Diets don’t work
Native Nevadan Wendy Oliver-Pyatt, M.D., is certified by the American Board of Psychiatry and Neurology in both general and addiction psychiatry. Her struggle with weight and dieting led to bulimia and only ended after she healed her relationship with food. Her new book, Fed Up! The Breakthrough Ten-Step, No-Diet Fitness Plan is her method. There’s more information on her Web site, getfedup.com, to assess your own level of food and body preoccupation. Oliver-Pyatt will conduct a workshop Feb. 8-9 at the Siena Spa Casino. Call 828-4949.
What made you write this book?
I’m to a point where I’m literally sickened when I hear about people going on diets because I know through my own path what kind of pain it creates in a person’s life. I felt very healed through my own experiences and in doing psychotherapy with people and feeling like I was making an impact and a difference. I felt compelled to try to articulate what was going on, so I broke it into the 10 steps. I actually wrote the 10 steps on the back of an envelope in a Raley’s parking lot one day.
What specific problems does your book address?
First, the false idea that dieting and maintaining mental lists of good and bad foods results in long-term weight loss. Second, the really destructive impact of cultural pressures to pursue unrealistic beauty standards. My book provides people with a solution to the problem because it addresses the underlying psychological reasons that people eat to excess.
A cultural pressure to diet?
You see one diet book come out after another. They give these rules about what you should and should not eat. The only problem is that what you’re doing when you go on a diet of any sort is you’re stepping out of internally driven eating and stepping into externally driven eating or eating that’s governed by external rules rather than eating that’s governed by internal processes. And once you do that, you start to disrupt your relationship with food.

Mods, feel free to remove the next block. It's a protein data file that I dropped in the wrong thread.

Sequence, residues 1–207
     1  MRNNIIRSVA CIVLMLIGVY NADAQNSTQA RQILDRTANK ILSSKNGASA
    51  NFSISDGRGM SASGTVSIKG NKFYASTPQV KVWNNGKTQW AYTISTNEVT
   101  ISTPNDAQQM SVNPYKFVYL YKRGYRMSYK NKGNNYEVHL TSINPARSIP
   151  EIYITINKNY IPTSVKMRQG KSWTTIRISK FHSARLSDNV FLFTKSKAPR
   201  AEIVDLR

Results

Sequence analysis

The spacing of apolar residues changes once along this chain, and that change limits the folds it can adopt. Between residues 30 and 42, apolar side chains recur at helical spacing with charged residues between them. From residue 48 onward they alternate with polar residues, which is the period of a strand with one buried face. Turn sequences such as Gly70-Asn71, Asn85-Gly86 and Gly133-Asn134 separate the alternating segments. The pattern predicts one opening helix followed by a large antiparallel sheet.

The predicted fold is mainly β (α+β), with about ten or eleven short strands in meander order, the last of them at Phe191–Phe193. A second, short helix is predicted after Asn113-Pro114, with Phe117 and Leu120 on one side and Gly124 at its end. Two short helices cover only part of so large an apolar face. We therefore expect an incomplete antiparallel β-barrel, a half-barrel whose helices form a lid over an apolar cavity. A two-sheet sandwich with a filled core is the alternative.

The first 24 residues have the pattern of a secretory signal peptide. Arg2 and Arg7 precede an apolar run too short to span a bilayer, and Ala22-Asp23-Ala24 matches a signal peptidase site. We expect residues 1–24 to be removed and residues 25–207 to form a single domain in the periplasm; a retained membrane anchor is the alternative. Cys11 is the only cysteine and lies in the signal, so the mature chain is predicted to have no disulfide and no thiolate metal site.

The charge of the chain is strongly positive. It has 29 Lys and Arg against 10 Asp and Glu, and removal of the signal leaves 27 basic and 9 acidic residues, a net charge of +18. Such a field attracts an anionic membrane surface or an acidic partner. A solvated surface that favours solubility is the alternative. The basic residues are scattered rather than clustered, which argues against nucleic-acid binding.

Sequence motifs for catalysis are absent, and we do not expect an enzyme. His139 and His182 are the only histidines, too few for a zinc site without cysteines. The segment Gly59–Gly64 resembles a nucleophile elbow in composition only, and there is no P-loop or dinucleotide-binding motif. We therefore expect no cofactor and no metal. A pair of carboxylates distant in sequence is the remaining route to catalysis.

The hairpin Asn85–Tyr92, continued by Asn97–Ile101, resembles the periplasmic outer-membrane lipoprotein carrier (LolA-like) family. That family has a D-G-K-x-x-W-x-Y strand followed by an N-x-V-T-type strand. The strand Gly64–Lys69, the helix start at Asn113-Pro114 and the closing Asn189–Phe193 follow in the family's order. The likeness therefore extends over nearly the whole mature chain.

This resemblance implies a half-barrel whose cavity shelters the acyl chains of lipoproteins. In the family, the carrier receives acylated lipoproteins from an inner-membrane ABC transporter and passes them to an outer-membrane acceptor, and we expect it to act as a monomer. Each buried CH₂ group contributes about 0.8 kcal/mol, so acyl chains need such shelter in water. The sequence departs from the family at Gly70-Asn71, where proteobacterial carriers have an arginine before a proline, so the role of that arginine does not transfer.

What makes Fed Up! revolutionary?
It actually helps a person heal their relationship with food so they’re no longer compulsive with food. The problem is that even though you can follow a diet for two weeks or two months, once you have that compulsivity with food, which is the direct result of dieting in the first place, you can never really keep up with that really powerful underlying compulsivity that you feel.
Is our American culture mentally ready to reject these cultural myths?
They’re terrified. I ask people to think about other cultures and how, for example, the French and the Italian cultures just really appreciate and enjoy the food, but they’re not caught up with it. These other cultures aren’t diet-obsessed and yet they are fit.
Is this a book for women?
When I began writing the book I had women in mind. Since I’ve written the book I’ve had an outpouring of men who are also struggling with the weight issue. They’re finding that diets don’t lead to long-term weight loss for them any better than they do for women. The confounding problem for men is that this is seen as a female disease or problem and they feel apprehensive to talk about it or say it is a problem.